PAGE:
(Inside Science) -- Researchers in China have developed a way to improve the reliability and security of machines that use quantum phenomena to generate random numbers. This is crucial to the development of other related technologies, such as secure quantum communication and computer simulations used in weather forecasts.
As high profile hackings steadily increase (causing major security breaches and a good deal of embarrassment), governments and corporations have shown immense interest in improving the way they encrypt messages. China launched the first ever quantum communication satellite earlier this year, hoping to test out new techniques for more secure telecommunication. Now, some of the scientists from that very same project have tapped into quantum weirdness for another application -- to generate random numbers.
A machine does not play dice
Quick! Pick a random number between 1 and 10. While this may seem to be an easy task for us, it is not that straightforward for computers. A regular computer, like a machine, is deterministic by design, meaning that the same input always produces the same output. In order to generate random numbers, it needs a random input from outside -- such as the timestamp when a human user hits the "Enter" button -- to act as a "seed". Then, with clever programming, the computer can generate a cascade of pseudorandom numbers, but it risks long term repetition if the system somehow loops back to its initial condition.
"The output of these pseudorandom number generators is in principle predictable," said Xiongfeng Ma, an information scientist from Beijing's Tsinghua University, who was a part of the Chinese group. "They are good enough for most applications like simulations, but not for high security crypto systems."
In order to produce numbers that are truly random, scientists have looked into the quantum world for answers.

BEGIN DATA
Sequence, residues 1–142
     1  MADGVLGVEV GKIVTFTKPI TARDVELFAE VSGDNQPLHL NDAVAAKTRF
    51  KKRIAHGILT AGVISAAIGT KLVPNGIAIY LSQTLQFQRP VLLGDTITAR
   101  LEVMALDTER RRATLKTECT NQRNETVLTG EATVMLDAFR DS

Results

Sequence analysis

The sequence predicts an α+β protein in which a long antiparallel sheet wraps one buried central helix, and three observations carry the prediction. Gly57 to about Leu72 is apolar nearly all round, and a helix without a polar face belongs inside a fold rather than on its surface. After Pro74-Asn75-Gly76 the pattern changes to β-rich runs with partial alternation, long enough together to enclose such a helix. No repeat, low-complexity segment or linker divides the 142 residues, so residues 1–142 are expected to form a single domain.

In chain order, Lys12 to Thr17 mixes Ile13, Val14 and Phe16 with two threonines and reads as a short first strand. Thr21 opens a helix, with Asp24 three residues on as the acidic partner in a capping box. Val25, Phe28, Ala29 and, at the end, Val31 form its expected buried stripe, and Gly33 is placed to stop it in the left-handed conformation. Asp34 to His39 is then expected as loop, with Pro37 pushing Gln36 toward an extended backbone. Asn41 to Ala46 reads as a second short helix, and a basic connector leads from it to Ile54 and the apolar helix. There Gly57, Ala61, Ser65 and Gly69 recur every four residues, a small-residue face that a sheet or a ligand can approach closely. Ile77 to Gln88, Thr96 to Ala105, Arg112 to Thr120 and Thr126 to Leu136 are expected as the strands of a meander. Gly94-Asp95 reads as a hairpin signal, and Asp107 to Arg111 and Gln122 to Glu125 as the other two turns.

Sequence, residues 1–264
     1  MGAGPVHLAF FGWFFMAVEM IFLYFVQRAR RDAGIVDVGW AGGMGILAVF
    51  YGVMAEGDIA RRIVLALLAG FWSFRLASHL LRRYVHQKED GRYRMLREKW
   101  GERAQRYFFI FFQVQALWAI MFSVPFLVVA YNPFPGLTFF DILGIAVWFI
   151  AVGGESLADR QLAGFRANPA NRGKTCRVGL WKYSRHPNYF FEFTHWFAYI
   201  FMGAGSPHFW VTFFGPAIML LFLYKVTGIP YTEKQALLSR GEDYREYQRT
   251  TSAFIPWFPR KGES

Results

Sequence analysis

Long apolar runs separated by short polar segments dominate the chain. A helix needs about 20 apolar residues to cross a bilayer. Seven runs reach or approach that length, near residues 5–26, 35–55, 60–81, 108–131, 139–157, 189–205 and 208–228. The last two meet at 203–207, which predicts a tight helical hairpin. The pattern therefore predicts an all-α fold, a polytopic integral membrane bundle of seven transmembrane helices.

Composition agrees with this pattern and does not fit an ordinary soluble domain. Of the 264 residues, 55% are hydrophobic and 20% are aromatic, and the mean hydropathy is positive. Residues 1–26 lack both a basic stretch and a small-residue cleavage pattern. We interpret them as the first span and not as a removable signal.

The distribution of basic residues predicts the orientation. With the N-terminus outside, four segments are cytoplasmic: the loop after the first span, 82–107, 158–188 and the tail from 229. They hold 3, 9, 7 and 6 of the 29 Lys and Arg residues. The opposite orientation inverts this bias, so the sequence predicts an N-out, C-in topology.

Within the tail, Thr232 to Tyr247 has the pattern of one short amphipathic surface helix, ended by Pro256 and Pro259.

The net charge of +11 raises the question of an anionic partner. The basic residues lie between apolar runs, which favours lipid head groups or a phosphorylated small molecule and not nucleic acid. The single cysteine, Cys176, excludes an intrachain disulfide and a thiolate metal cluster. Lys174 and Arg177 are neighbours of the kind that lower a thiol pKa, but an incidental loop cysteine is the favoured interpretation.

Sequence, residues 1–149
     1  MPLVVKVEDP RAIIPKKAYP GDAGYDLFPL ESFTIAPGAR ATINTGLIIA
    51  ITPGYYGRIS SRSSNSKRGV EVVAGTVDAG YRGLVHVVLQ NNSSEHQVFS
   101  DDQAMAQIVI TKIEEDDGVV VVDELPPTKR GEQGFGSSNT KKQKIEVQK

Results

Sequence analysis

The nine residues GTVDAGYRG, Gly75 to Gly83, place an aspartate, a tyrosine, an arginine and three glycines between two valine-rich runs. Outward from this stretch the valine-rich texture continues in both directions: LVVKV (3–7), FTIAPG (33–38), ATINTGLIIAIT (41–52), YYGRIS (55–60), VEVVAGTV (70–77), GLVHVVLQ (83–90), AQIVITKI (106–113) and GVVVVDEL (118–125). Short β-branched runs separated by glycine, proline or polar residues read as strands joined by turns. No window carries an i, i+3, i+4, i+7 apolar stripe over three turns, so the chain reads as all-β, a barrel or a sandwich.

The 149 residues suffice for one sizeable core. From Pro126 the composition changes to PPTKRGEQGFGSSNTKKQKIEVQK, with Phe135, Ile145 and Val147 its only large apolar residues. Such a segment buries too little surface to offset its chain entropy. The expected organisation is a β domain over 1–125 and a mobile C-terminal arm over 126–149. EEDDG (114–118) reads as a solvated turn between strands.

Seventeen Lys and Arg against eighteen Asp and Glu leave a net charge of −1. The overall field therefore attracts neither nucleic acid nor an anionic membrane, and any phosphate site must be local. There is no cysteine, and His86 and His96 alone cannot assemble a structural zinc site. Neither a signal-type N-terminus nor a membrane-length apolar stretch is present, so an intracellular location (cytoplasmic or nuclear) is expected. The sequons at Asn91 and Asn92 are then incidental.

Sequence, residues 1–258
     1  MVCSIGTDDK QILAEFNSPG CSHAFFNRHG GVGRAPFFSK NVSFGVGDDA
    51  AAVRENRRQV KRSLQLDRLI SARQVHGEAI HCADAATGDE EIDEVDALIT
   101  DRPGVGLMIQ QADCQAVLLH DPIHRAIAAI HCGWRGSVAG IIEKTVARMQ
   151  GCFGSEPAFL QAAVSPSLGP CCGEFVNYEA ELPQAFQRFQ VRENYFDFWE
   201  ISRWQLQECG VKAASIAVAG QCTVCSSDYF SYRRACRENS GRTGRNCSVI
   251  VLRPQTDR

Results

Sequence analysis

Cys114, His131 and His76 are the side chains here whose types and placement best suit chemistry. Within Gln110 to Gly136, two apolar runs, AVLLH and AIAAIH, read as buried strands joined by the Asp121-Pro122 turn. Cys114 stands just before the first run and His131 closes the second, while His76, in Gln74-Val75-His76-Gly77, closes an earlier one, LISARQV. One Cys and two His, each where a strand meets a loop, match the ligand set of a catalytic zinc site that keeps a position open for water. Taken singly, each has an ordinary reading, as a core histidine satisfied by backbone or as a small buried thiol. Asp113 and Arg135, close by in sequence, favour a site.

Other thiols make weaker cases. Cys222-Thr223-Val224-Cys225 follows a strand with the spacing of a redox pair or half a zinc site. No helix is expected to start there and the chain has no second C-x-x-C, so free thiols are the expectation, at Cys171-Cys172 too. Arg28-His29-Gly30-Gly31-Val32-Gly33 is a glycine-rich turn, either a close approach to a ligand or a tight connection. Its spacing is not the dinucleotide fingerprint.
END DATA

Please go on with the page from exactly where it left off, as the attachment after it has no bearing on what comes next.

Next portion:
The probabilistic world of quantum
Quantum phenomena are fundamentally probabilistic. For example, there is a 50-50 chance that a single carbon-14 atom will decay into nitrogen-14 within 5,730 years. It may happen, it may not, and nobody can tell until it happens. Austrian physicist Erwin Schrödinger once explained this concept with a famous analogy involving a cat that was simultaneously dead and alive. So, as much as Einstein himself hated to admit it, God does play dice.
Ever since scientists discovered quantum phenomena in the 1920s, they have found many applications for these discoveries -- from laser pointers to computers chips to MRI machines.
Earlier in August, China launched the first ever quantum communication satellite. According to Ma, all of the three main tasks to be carried out by the satellite rely on quantum random number generation. Although they have not yet implemented their latest research in the already launched satellite, he said that they hope to do so for future systems.
Checking on random
Quantum random number generators have been around for decades, but it is not until more recently that they have become commercially available. However, it is still a constantly evolving technology. According to Ma, the technology is still being improved in three aspects -- security, efficiency and practicability.
"As researchers, we keep pushing the security limits," he said.
Instead of churning out pseudorandom numbers with deterministic programming, quantum random number generators directly measure fundamentally random quantum phenomena, and then translate them into random numbers. But before all this can be done, one need to first correctly characterize the source that produces these quantum phenomena. For example, if you have chosen a lump of decaying carbon-14 as your source, you would need to at least know the mass and purity of the lump that is being measured.
"Even if you have a very good [quantum] random number generator, there will still be some residual bias, so there needs to be a way to test and clean the data," said Juan Carlos Garcia-Escartin, a telecommunication scientist from University of Valladolid in Spain.
This need for post-measurement processing exposes the system to potential hacking. Ma and his team have developed a way to detect if a system is compromised. The basic concept is pretty simple -- they use the random source to trigger random testing of the data, kind of like pop-quizzes for a class of students.
This involves repeatedly shuffling and dividing the output numbers into four random groups, then testing them and crosschecking their results for anomalies. If the numbers are truly random and unbiased, any manipulation by an outsider would show up in these tests. Once this testing method is implemented, then even an untrusted quantum random number generator can still be used without the fear of compromising the level of randomness generated.
The researchers' paper has been accepted for publication in the journal Physical Review A.